We also see the larger, extra-economic factors as being constitutive of this frame. For, Nehru had another motivation—he saw central planning as a key component of the integrative principle. For him, a vision that thought of all India at once, and stressed on the “interrelation of one part of India with another”, would have a “psychological appeal” and lead people away from “the crooked path of provinicialism”. The same way the EU brought about a way of thinking about Europe, or indeed as GST does now—going beyond pure considerations of the ‘market versus state’ debate. At each stage, the policy choices are historicised and set in context—whether it’s Constitution-making or the socialist turn.

For all the richness of detail that gets woven in, this is not an aggregate of micro studies. This is not the go-to book for a lowdown on Sikkim or Goa—or the Nagas and Kukis—in the 1950s. There’s no Tebhaga, no Punnapra-Vayalar either, and just a fleeting reference to Telangana. Kudaisya’s camera is set to landscape rather than portrait. Detail appears as illustration, say, of the linguistic problem or the Partition aftermath. It’s the big picture that concerns the author, the institutional processes that stabilised India, the confusions, the disputations over each area of overarching policy—a sketch of what it took to put in place a whole lot of things we take for granted. Nehru’s foreign policy is beyond its remit too…so no Bandung, no Panchsheel.

But to an extent, without overtly saying so, the subject position is that of Nehru. To that same extent, this book owes its spiritual lineage to scholars like Sunil Khilnani and Ramachandra Guha—a line often criticised for preferring an affirmative picture and eliding the flaws. The criticism emanates from all sides these days: the right wing that excoriates the ‘left-liberal’ line for not being Hindu enough, the Ambedkarite school that flays it for being too Hindu and savarna, and a sort of floating ‘post-national’ mood that prefers the Perry Anderson line of Nehru-baiting (with a strain of India-denying thrown in). The book betrays no direct awareness of these, much less engage in direct polemic—or indeed, accept genuine points of criticism. They exist only as an implied hinterland against which Kudaisya sketches his gentle assertions. By depersonalising his book to some extent, by making it about the processes, he largely evades the Nehru debate. But tacitly, pixel by pixel, a favourable picture of an institution-builder is offered to us. Nehru’s letters to the chief ministers get full play, as the gift of a fair, federal-minded benevolence—his dismissal of the EMS ministry earns just a pro forma mention.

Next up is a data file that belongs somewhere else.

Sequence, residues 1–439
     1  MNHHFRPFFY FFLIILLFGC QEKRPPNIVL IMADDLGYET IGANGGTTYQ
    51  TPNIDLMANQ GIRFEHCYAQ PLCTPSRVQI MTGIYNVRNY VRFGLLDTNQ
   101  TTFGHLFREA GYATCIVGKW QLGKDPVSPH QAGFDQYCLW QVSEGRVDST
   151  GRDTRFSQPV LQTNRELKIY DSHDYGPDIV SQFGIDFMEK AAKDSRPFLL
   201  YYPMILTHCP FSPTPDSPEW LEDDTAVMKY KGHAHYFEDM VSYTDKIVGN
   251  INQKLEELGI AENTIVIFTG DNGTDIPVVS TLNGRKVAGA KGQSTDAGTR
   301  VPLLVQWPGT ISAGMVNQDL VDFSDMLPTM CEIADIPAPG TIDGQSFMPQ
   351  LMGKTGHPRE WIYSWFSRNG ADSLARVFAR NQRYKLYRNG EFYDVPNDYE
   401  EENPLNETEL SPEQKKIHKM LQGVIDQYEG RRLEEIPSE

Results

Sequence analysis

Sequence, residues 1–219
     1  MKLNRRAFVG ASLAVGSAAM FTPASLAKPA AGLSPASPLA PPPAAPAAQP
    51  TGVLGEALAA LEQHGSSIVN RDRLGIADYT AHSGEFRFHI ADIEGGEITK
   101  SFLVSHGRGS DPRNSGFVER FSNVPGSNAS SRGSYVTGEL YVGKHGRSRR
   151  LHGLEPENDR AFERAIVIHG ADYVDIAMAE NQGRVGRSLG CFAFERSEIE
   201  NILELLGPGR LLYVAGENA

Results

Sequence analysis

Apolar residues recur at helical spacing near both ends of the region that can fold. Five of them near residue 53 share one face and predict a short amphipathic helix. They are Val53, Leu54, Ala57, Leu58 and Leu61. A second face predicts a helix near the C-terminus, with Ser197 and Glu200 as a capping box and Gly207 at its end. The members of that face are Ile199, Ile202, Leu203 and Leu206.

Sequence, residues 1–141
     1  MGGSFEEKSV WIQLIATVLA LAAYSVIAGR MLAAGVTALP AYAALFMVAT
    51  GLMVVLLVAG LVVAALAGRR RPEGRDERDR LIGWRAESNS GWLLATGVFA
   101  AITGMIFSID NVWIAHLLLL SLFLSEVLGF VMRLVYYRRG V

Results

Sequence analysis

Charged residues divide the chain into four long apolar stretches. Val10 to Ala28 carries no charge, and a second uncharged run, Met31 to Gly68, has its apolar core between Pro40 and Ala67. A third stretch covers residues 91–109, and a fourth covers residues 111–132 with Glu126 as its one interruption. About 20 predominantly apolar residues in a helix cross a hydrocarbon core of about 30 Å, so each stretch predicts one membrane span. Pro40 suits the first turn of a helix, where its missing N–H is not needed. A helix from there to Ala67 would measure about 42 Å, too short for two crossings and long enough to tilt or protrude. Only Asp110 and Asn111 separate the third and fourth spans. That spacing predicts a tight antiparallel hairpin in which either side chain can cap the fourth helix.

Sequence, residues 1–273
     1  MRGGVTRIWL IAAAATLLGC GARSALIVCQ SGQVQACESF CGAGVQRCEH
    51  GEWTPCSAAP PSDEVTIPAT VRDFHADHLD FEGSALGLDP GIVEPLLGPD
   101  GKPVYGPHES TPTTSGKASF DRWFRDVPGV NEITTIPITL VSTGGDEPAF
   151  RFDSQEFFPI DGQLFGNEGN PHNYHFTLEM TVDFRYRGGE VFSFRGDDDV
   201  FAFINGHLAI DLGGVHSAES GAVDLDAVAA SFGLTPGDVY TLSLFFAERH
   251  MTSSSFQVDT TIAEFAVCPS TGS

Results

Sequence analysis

The nation-builders did have a mammoth, complex task—of evolving theory on the hard ground of praxis, while the khichdi was still cooking. The book’s ideological heart seems aligned to that mission. In the aftermath of Partition, identity is a ‘problem’. Rather than access it through caste (which would reveal a genuine canker on the body of democracy), the idea is explored via language—where the sense of fractiousness is more easily demonstrated for an India yet to solidify. And Ambedkar gets a diminuating treatment (his pen portrait is oddly paired with Rajaji’s). He gets an approving mention when he contributes to the integrative principle by arguing against linguistic division—one of the paths not taken on the road to ‘vernacular democracy’, an unfortunate coinage. Overall, though, this will serve both as an expert summation of how India’s formative infrastructure was laid amid near-constant firefighting—no reader will ever again look at the ‘50s as a placid decade of romantic films and tender songs—as well as a fine gateway book.